Be Light Like a Bird

Author: Monika Schröder

Publisher: Capstone

ISBN: 1496533011

Category: Juvenile Fiction

Page: 239

View: 3823

DOWNLOAD NOW »
After the death of her father, twelve-year-old Wren finds her life thrown into upheaval. And when her mother decides to pack up the car and forces Wren to leave the only home she's ever known, the family grows even more fractured. As she and her mother struggle to build a new life, Wren must confront issues with the environment, peer pressure, bullying, and most of all, the difficulty of forgiving those who don't deserve it. A quirky, emotional middle grade novel set in Michigan's Upper Peninsula, Be Light Like a Bird features well-drawn, unconventional characters and explores what it means to be a family -- and the secrets and lies that can tear one apart.

The Thing with Feathers

The Surprising Lives of Birds and What They Reveal About Being Human

Author: Noah Strycker

Publisher: Penguin

ISBN: 0698152735

Category: Nature

Page: 304

View: 8250

DOWNLOAD NOW »
An entertaining and profound look at the lives of birds, illuminating their surprising world—and deep connection with humanity. Birds are highly intelligent animals, yet their intelligence is dramatically different from our own and has been little understood. As we learn more about the secrets of bird life, we are unlocking fascinating insights into memory, relationships, game theory, and the nature of intelligence itself. The Thing with Feathers explores the astonishing homing abilities of pigeons, the good deeds of fairy-wrens, the influential flocking abilities of starlings, the deft artistry of bowerbirds, the extraordinary memories of nutcrackers, the lifelong loves of albatrosses, and other mysteries—revealing why birds do what they do, and offering a glimpse into our own nature. Drawing deep from personal experience, cutting-edge science, and colorful history, Noah Strycker spins captivating stories about the birds in our midst and shares the startlingly intimate coexistence of birds and humans. With humor, style, and grace, he shows how our view of the world is often, and remarkably, through the experience of birds. You’ve never read a book about birds like this one.

The Wonderful Mr Willughby

The First True Ornithologist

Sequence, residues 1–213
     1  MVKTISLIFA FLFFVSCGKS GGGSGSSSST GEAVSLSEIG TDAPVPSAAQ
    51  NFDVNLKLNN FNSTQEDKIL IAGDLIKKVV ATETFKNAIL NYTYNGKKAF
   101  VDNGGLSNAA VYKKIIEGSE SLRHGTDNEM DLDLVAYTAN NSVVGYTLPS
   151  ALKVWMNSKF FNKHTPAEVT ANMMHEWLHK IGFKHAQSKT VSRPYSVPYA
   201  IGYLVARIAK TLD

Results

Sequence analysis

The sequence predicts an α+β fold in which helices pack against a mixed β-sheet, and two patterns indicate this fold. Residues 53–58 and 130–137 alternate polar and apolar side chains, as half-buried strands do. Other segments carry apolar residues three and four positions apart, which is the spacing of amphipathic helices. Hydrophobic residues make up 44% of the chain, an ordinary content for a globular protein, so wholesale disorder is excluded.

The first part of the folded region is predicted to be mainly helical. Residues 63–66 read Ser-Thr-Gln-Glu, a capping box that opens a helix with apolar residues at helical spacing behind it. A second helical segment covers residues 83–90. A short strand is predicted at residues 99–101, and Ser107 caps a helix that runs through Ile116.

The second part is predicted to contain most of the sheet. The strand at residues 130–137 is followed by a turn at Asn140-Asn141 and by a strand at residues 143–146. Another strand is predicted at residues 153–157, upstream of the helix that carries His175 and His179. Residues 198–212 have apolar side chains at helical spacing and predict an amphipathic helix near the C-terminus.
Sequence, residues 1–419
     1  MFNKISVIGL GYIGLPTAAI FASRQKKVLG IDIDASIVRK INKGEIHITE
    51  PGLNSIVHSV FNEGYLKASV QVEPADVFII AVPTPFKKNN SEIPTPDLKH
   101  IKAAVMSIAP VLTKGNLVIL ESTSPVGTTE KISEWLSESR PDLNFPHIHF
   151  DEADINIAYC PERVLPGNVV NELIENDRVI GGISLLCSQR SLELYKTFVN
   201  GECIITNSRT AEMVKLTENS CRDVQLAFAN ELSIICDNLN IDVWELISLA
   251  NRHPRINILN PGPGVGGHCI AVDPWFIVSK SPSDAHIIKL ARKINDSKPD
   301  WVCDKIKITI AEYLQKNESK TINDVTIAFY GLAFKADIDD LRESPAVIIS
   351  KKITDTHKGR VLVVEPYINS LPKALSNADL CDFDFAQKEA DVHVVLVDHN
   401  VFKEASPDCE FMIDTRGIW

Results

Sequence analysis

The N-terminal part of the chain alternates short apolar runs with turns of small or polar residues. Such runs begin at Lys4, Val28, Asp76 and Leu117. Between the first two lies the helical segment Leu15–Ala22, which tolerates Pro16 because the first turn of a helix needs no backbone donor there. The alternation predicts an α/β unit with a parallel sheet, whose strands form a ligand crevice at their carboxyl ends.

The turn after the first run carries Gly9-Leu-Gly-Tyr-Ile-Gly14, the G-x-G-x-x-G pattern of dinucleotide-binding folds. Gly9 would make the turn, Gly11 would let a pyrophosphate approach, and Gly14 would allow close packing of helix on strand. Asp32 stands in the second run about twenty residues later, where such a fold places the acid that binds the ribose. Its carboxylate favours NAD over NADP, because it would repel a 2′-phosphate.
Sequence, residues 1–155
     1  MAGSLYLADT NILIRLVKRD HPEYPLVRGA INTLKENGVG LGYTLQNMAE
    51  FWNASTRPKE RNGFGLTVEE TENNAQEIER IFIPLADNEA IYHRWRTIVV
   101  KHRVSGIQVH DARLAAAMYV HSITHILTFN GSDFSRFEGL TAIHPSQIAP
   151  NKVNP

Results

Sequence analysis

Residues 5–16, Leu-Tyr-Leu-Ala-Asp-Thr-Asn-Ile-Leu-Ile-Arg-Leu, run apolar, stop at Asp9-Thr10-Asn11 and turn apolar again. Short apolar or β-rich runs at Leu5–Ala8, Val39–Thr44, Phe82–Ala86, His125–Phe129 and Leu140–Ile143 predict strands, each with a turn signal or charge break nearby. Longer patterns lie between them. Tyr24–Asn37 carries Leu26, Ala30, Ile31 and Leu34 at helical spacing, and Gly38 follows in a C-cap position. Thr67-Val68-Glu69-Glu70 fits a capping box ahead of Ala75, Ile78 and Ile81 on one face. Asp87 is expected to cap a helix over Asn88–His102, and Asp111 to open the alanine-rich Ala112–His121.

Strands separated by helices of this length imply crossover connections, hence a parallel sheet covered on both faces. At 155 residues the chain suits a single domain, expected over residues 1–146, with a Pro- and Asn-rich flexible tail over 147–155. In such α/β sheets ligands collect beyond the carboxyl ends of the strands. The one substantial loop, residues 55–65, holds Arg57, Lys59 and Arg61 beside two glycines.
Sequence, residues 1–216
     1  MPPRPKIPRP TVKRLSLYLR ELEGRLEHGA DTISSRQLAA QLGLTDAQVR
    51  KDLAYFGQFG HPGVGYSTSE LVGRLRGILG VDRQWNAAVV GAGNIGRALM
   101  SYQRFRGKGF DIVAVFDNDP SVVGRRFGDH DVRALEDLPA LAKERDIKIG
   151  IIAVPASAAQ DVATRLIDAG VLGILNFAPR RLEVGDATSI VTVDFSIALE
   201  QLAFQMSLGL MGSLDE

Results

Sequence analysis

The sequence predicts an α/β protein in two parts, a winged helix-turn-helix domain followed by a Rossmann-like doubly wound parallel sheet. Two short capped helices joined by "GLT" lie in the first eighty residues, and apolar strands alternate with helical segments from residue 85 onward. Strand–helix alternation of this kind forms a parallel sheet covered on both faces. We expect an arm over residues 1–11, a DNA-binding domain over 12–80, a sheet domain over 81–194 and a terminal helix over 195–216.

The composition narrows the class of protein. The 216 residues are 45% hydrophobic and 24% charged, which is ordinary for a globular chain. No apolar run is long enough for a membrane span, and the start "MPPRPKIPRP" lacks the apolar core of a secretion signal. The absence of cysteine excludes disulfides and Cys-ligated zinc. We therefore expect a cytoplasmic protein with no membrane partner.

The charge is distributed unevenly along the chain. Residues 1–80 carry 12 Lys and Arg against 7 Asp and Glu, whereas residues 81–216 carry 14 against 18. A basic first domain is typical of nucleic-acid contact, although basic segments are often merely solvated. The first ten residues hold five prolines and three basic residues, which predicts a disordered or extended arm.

Author: Tim Birkhead

Publisher: Bloomsbury Publishing

ISBN: 9781408878484

Category: Biography & Autobiography

Page: 368

View: 7452

DOWNLOAD NOW »
From the author of Bird Sense, a biography of Francis Willughby, the man who pulled the study of birds out of the dark ages and formed the foundations of modern ornithology. Francis Willughby lived and thrived in the midst of the rapidly accelerating scientific revolution of the seventeenth century. Traveling with his Cambridge tutor John Ray, they decided to overhaul the whole of natural history by imposing order on its messiness and complexity. It was exhilarating, exacting, and exhausting work. Yet before their first book, Ornithology, could be completed, Willughby died in 1672. Since then, Ray's reputation has grown, obscuring that of his collaborator. Now, for the first time, Willughby's story and genius are given the attention they deserve. In his too-short life, Francis Willughby helped found the Royal Society, differentiated birds through identification of their distinguishing features, and asked questions that were, in some cases, centuries ahead of their time. His discoveries and his approach to his work continue to be relevant--and revelatory--oday. Tim Birkhead describes and celebrates how Willughby's endeavors set a standard for the way birds--and indeed the whole of natural history--should be studied. Rich with glorious detail, The Wonderful Mr Willughby is at once a fascinating insight into a thrilling period of scientific history and an authoritative, lively biography of one of its legendary pioneers.